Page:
Intercellular transmission of the second messenger 2',3'-cGAMP, synthesized by the viral DNA sensor cGAMP synthase (cGAS), is a potent mode of bystander activation during host defense. However, whether this mechanism also contributes to cGAS-dependent autoimmunity remains unknown. Here, using a murine bone marrow transplantation strategy, we demonstrate that, in Trex1 -/- -associated autoimmunity, cGAMP shuttling from radioresistant to immune cells induces NF-κB activation, interferon regulatory factor 3 (IRF3) phosphorylation, and subsequent interferon signaling. cGAMP travel prevented myeloid cell and lymphocyte death, promoting their accumulation in secondary lymphoid tissue. Nonetheless, it did not stimulate B cell differentiation into autoantibody-producing plasmablasts or aberrant T cell priming. Although cGAMP-mediated bystander activation did not induce spontaneous organ disease, it did trigger interface dermatitis after UV light exposure, similar to cutaneous lupus erythematosus. These findings reveal that, in Trex1-deficiency, intercellular cGAMP transfer propagates cGAS signaling and, under conducive conditions, causes tissue inflammation.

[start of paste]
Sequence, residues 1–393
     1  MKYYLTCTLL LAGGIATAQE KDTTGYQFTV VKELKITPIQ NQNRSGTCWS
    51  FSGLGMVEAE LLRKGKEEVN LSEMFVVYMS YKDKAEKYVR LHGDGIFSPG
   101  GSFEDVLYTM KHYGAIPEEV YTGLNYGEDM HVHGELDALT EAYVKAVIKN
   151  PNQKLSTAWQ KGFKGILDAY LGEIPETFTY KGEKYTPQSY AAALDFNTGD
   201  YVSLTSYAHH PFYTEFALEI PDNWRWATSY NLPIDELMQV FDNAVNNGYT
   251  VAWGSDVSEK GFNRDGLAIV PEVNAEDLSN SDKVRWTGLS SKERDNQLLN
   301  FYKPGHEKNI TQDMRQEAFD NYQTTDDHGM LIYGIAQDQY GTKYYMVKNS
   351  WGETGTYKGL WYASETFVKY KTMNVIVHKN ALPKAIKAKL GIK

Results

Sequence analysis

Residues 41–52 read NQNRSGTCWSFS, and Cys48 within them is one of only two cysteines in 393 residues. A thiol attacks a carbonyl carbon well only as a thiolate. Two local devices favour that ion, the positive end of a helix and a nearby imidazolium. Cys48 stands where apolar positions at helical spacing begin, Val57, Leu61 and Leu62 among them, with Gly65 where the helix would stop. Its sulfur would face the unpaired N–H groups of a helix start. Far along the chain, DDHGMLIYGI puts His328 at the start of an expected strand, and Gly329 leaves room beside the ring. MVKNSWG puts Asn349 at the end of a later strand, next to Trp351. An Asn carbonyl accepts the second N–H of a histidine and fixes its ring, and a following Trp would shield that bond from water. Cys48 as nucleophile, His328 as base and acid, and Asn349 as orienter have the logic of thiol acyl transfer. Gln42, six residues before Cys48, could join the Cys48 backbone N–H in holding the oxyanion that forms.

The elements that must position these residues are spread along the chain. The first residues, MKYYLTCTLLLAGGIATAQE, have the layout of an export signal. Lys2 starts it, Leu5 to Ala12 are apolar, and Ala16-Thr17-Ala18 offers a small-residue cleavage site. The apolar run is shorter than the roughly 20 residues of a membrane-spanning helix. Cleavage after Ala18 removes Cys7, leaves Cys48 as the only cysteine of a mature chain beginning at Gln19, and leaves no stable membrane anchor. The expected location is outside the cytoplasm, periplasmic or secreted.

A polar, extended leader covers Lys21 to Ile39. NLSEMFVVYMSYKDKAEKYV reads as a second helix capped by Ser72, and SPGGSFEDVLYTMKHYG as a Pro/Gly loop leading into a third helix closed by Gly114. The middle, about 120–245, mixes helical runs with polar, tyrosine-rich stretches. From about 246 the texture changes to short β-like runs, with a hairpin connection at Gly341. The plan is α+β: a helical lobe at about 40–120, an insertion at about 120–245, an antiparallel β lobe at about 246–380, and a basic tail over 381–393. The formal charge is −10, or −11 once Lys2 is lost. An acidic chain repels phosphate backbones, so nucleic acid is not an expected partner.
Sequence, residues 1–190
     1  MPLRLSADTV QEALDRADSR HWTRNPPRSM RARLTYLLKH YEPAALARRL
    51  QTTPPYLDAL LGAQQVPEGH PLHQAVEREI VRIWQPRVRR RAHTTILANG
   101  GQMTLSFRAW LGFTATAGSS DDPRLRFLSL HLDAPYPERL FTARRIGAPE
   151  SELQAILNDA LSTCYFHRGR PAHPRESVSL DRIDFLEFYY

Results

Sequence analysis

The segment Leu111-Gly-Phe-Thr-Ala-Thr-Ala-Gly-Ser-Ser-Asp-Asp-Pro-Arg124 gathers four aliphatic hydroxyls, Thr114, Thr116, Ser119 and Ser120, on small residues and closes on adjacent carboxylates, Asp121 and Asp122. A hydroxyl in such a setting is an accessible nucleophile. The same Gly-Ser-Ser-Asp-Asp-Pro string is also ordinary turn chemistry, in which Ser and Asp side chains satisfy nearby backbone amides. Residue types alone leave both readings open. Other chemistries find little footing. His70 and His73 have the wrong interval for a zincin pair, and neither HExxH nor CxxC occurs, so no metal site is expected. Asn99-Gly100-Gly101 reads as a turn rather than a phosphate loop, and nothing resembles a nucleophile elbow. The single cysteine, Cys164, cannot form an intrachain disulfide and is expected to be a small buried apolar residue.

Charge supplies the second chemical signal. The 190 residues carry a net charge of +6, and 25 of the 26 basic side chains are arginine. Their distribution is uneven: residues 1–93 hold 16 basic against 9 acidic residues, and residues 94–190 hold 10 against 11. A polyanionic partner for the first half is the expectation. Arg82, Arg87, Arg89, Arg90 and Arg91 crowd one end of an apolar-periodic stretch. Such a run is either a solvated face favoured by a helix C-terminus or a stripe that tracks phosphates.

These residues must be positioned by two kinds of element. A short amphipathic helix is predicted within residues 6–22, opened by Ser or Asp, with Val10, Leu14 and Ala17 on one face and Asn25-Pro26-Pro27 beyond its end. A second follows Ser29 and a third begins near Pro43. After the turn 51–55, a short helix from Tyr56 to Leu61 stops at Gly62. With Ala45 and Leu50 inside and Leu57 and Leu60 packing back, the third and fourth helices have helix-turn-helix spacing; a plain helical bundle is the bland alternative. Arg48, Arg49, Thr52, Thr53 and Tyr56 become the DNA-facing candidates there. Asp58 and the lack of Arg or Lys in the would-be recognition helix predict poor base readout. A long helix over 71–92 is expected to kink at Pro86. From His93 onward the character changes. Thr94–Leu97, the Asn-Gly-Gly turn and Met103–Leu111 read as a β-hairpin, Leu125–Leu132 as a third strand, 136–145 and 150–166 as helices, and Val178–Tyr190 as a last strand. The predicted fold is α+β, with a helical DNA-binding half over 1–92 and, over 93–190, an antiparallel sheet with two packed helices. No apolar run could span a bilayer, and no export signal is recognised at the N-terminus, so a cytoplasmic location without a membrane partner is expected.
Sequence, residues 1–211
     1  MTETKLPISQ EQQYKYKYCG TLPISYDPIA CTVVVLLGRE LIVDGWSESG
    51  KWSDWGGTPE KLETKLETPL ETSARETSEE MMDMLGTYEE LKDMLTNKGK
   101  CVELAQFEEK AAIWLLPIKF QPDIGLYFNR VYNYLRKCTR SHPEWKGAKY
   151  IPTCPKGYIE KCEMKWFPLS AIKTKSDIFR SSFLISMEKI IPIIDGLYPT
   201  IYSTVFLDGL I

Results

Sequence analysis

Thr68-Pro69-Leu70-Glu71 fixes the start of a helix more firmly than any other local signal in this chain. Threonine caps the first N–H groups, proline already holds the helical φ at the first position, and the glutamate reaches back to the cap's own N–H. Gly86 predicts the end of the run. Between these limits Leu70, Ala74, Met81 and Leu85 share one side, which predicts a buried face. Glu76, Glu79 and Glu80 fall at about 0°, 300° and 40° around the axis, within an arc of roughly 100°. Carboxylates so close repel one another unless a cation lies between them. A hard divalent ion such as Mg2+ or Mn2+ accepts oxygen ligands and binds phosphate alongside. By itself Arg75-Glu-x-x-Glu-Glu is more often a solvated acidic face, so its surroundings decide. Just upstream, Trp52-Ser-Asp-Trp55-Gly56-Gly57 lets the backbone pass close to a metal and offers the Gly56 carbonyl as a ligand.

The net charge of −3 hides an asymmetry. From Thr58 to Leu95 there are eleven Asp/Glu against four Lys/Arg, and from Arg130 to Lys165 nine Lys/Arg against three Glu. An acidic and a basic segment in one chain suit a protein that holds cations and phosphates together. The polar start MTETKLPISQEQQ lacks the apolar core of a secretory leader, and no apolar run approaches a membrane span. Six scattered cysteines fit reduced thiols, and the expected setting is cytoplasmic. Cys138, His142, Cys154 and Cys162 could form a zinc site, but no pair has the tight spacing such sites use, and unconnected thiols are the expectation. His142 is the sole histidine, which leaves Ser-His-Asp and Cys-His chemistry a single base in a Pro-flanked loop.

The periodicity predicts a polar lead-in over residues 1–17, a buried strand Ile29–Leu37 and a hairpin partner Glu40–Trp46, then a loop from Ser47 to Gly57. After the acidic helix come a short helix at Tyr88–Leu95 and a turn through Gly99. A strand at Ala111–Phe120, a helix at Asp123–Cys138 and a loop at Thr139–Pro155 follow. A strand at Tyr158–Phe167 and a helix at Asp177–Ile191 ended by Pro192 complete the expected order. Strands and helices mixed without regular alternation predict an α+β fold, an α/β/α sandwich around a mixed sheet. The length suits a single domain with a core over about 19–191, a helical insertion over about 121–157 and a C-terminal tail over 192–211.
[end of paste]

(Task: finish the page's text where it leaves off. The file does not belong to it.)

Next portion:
Keywords: Cell biology; Immune response; Immunity; Immunology.
© 2021 The Authors.